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2,000-acre animal sanctuary envisioned near Arizona-Nevada line

Instead of using fences to keep humans and animals apart, a proposed 2,000-acre sanctuary in northwest Arizona would allow visitors to observe lions, elephants and other animals from raised walkways.

Jonathan Kraft, who first started a small animal rescue facility in Las Vegas 20 years ago, calls the proposed sanctuary Wild Planet. It would include lions, tigers, primates, birds, wolves, elephants and animals native to Arizona.

Wild Planet would cover about half of the property Kraft and his two partners own west of U.S. Route 93, about 30 miles from Hoover Dam. Kraft said it would house hundreds of animals that could be displaced as some countries move to ban or limit circuses and other shows.

Proposed rezoning to allow the project will be considered Wednesday during a Mohave County Planning and Zoning Commission meeting in Kingman. Kraft believes the $40 million development can be completed within four years. He said it would employ 168 people, with an annual payroll surpassing $4.5 million.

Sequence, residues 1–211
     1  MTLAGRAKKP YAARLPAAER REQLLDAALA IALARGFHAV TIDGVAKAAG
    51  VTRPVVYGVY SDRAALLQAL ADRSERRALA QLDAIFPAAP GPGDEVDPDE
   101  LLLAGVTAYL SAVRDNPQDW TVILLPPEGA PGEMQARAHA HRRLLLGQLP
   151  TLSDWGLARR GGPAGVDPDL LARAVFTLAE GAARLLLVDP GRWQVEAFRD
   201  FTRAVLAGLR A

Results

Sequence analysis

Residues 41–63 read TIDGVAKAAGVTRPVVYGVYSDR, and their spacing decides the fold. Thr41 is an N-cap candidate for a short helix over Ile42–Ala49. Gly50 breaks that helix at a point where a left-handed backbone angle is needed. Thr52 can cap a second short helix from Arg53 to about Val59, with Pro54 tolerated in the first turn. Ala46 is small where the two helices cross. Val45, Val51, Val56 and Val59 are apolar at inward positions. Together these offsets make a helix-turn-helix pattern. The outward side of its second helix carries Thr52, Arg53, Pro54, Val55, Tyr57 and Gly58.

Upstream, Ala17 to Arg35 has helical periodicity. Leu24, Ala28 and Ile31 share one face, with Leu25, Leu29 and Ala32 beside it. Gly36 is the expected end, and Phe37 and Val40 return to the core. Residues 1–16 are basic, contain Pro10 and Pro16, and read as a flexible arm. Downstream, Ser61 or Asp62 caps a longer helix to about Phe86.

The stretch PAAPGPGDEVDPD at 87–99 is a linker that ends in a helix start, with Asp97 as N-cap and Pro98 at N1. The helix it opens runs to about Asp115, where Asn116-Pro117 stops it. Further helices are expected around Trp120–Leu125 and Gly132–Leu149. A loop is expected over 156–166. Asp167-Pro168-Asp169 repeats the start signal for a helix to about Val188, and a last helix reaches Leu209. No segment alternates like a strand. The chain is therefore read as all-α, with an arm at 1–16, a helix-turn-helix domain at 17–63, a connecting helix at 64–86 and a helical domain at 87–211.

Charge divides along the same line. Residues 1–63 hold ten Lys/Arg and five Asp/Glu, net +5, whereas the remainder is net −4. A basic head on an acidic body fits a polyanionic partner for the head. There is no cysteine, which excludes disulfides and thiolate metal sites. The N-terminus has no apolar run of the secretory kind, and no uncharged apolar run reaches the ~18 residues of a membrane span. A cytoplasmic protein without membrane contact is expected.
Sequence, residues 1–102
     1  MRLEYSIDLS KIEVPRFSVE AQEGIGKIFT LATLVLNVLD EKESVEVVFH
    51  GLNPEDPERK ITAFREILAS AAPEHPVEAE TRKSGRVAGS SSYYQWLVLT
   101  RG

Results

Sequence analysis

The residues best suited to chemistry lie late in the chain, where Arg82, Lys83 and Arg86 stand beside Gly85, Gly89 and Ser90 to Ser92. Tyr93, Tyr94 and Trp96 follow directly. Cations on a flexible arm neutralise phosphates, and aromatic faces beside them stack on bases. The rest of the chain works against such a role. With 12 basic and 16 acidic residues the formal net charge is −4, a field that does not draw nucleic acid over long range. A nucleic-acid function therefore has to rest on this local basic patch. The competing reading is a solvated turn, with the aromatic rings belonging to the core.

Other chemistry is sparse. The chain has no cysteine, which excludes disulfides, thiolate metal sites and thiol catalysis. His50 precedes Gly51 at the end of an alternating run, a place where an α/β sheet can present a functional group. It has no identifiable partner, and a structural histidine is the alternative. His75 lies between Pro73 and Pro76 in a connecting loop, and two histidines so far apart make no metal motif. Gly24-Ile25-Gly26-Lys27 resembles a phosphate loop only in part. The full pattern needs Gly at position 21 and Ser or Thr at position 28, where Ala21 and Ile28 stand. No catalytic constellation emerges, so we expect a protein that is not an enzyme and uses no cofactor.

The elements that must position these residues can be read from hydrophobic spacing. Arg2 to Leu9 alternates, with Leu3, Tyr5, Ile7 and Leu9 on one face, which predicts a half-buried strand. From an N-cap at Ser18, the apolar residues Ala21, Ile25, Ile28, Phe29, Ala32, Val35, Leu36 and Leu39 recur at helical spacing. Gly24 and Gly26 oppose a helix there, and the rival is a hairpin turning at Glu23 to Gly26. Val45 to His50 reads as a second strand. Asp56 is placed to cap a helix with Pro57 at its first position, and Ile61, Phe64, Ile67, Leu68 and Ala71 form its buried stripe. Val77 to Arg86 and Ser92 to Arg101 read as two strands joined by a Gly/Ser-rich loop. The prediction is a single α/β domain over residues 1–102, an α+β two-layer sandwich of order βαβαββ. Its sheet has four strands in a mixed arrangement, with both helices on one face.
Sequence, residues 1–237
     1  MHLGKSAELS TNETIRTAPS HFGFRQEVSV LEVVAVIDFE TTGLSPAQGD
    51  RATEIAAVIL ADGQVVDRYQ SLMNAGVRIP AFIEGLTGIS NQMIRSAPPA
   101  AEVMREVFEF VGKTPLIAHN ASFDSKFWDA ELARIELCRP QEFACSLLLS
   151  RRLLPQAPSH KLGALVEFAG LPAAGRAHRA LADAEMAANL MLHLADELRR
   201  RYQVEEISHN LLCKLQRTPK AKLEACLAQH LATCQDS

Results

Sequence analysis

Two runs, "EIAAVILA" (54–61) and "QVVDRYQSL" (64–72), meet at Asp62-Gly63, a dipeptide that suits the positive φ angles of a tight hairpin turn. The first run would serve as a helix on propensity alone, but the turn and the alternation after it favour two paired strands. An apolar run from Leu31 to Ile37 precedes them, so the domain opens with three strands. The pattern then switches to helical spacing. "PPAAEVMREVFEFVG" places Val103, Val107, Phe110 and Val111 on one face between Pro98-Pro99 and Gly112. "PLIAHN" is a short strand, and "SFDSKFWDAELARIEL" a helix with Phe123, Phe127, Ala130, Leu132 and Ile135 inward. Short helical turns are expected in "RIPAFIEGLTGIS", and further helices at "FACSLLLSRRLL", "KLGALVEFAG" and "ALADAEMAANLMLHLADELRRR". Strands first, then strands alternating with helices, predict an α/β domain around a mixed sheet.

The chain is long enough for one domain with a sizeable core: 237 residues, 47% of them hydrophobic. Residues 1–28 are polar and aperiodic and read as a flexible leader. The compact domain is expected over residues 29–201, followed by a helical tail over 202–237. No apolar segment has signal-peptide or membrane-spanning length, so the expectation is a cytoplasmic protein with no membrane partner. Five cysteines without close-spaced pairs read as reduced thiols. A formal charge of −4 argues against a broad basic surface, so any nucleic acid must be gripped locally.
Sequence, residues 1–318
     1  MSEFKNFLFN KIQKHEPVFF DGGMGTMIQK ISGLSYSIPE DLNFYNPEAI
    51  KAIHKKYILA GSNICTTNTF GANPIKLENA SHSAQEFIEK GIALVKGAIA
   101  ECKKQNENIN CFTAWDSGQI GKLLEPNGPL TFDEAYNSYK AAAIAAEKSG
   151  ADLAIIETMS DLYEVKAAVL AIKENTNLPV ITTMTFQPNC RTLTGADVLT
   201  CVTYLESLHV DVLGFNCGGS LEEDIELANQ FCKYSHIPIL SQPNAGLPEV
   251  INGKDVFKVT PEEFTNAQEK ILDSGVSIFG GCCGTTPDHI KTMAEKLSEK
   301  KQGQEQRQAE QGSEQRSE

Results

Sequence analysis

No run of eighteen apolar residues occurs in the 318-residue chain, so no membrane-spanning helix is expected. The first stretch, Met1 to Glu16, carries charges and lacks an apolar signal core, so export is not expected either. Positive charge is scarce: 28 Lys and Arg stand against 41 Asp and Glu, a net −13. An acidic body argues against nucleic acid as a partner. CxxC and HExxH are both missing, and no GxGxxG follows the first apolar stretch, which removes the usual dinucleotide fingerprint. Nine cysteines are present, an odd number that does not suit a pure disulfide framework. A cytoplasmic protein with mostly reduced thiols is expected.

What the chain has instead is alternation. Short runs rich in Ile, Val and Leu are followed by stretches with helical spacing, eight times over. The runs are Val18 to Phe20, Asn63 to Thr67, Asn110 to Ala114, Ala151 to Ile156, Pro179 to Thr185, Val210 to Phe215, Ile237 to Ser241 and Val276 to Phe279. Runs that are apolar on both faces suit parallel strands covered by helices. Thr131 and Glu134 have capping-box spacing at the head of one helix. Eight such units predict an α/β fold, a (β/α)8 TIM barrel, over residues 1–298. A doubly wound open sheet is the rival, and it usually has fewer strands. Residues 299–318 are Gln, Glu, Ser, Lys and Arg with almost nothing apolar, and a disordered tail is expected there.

Kraft said Wild Planet could attract some of the millions who visit the region every year to see attractions including the Hoover Dam, the London Bridge in Lake Havasu City and the Grand Canyon.

The sanctuary would give visitors a unique viewing experience without disrupting the animals, Kraft said.

“The difference between this park and all other parks is we don’t actually allow people to walk through the park or drive through the park,” he said.

Instead, a solar-powered train or vehicles would ferry visitors between six or seven “educational centers,” where they could watch the animals from walkways 10 to 12 feet in the air.

“You can oversee and are not inhibited by fences, and you can take pictures of the animals, but it is totally non-invasive to the animals,” Kraft said.

Kraft said he’s optimistic about Wild Planet’s chances because of his track record. Since starting the Las Vegas rescue center in 1995, he also has founded a sanctuary called Keepers of the Wild on a 32-acre site in White Hills, Arizona. It was later moved to a 175-acre site in Valentine, northeast of Kingman.

The rezoning application for Wild Planet says Keepers of the Wild takes in more than $3.6 million annually. Kraft said the existing sanctuary is spending $500,000 to build a gift shop and food court. Keepers of the Wild, which is separate from Wild Planet, will keep operating on its site along Route 66.

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